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What Can Buying Cars Teach Us About Technical Debt?

The time and resources it takes to maintain technology increases as the technology ages, creating technical debt that represents a drain on government balance sheets. But there is a path forward for IT leaders.

by Teri Takai and Phil Bertolini / March 17, 2020

Spring is on its way and new plants will soon pop from the ground. As you can surmise from that comment, we both live in a cold weather state. Michigan is our home and the winters can be brutal. Spring is also synonymous with a rebirth of sorts. Government technology professionals are also finding themselves in a time of rebirth, but this rebirth is focused on the bits and the bytes. And while governments struggle with many infrastructure modernization efforts from roads, to bridges, to underground pipes, aging technical infrastructure and applications must be added to the list.

If governments are struggling to fund necessary physical improvements, how are they going to find the funds to rejuvenate back-end improvements like technology? They must prepare a strong business case that can be communicated to multiple stakeholders. The assumption here is that you must make something very complicated, very simple. This assumption is correct to a point, depending on who is sitting across the table from you. We both hail from southeast Michigan, which is the home of the domestic auto industry. So buckle up: here comes a car analogy.

You have mustered up the ability to buy a brand-new car — we just love our new cars. Over the years, you perform preventative maintenance and baby your car as much as possible. But, as with any asset, the car ages and the maintenance expenses begin to rise. Eventually, you must decide when that car needs to be replaced. In other words, when does the cost of ownership rise so much that you are better off buying a new car? We have all had this experience whether it is a house, a car or anything we buy. Government is not immune to this. You bought this new innovative technology platform, hardware and software only to watch it age over time. This technology is now a debt that must be paid; in other words, you are now suffering from technical debt.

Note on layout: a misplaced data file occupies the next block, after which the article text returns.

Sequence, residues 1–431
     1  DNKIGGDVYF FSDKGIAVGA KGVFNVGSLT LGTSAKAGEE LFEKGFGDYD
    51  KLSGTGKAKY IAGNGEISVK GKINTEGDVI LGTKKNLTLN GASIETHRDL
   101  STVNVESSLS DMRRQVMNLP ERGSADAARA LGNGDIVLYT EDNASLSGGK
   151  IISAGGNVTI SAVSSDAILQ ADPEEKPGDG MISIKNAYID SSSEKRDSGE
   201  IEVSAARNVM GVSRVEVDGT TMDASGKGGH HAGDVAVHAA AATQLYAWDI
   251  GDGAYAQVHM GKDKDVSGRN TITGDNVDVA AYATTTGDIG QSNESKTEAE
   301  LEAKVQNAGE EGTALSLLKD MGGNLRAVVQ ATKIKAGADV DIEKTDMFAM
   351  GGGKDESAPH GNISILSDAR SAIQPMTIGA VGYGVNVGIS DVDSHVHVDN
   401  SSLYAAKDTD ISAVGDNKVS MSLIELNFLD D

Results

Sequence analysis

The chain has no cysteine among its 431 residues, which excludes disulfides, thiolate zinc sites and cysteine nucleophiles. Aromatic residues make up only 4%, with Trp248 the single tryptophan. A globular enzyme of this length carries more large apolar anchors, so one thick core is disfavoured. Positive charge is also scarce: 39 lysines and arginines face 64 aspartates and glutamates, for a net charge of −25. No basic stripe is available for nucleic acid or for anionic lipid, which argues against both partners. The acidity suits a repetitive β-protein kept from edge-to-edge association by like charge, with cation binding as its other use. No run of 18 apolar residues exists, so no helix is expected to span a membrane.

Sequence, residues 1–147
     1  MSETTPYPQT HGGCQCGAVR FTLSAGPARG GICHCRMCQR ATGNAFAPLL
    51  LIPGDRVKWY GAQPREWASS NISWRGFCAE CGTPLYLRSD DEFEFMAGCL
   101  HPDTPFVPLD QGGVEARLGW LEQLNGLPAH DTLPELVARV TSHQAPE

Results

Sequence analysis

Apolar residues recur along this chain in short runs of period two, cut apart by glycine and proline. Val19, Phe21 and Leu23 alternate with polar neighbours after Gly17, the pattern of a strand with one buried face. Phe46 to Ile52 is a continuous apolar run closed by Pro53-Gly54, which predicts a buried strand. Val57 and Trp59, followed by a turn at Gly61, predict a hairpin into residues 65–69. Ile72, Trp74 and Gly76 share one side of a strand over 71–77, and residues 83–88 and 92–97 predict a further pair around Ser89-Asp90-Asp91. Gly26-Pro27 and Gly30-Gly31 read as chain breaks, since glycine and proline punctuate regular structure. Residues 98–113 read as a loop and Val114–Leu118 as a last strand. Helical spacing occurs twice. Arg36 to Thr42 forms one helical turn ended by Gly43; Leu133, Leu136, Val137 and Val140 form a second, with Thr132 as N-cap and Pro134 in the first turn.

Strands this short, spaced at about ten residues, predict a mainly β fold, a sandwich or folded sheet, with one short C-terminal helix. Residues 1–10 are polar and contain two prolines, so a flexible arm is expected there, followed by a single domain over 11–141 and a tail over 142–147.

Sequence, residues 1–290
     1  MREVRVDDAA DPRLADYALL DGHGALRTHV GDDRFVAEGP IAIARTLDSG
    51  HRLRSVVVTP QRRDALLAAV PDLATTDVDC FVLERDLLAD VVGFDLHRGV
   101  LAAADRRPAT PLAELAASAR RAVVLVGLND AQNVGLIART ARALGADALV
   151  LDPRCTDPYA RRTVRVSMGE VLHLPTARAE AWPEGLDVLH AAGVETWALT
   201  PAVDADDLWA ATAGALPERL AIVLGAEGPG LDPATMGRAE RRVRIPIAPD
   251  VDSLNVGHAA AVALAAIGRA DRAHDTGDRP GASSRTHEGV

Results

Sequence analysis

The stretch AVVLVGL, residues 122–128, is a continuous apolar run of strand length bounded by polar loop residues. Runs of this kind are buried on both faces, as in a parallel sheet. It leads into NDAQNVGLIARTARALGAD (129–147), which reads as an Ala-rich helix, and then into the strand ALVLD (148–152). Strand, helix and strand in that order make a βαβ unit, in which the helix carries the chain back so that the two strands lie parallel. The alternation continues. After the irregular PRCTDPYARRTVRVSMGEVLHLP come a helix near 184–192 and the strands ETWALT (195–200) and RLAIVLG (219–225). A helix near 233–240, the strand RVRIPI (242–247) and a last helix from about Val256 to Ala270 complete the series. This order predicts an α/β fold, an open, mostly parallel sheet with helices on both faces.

Technical debt is a way of describing older technologies that cost more to maintain, thus creating a debt that cannot be ignored on your financial balance sheet. Technologies were originally put in place to enable government to provide services for their citizens. Over time, governments have seen their funding dwindle, their staffing numbers decline, and the need for services rise. Implementing technologies was the only way to ensure services for the masses could be provided. Those technologies are now old and the bill for replacements can be steep. The good news here is that governments will find ways to get this done.

What can governments do? First, they can strategically plan over time to replace aging technologies by smoothing out the timelines and the funding. Capital plans will have to include changing out the old while sacrificing some future new development. This will create wiggle room for the funding of replacements. The shift from owning to consuming technologies also provides an opportunity to lower the technical debt while enhancing capabilities at the same time. The shift to consuming technologies as-a-service will take care of some current needs and many future needs, especially when it comes to replacing infrastructure down the road.

The Center for Digital Government's* Digital States and Counties Surveys have an entire section on Connected Infrastructure to help quantify the efforts of governments as they replace aging technologies. Both of these surveys are out and ready for you to complete. We encourage you to use the surveys as a tool to help quantify what needs to be done and help influence your leadership to provide the funding. Don’t worry city folks, your survey will come out later this year. The modernization of technology, or managing your technical debt, is high on our priority list and we are sure it is on yours as well. Let’s work together to solve the problem.

 *The Center for Digital Government is part of e.Republic, Government Technology's parent company.

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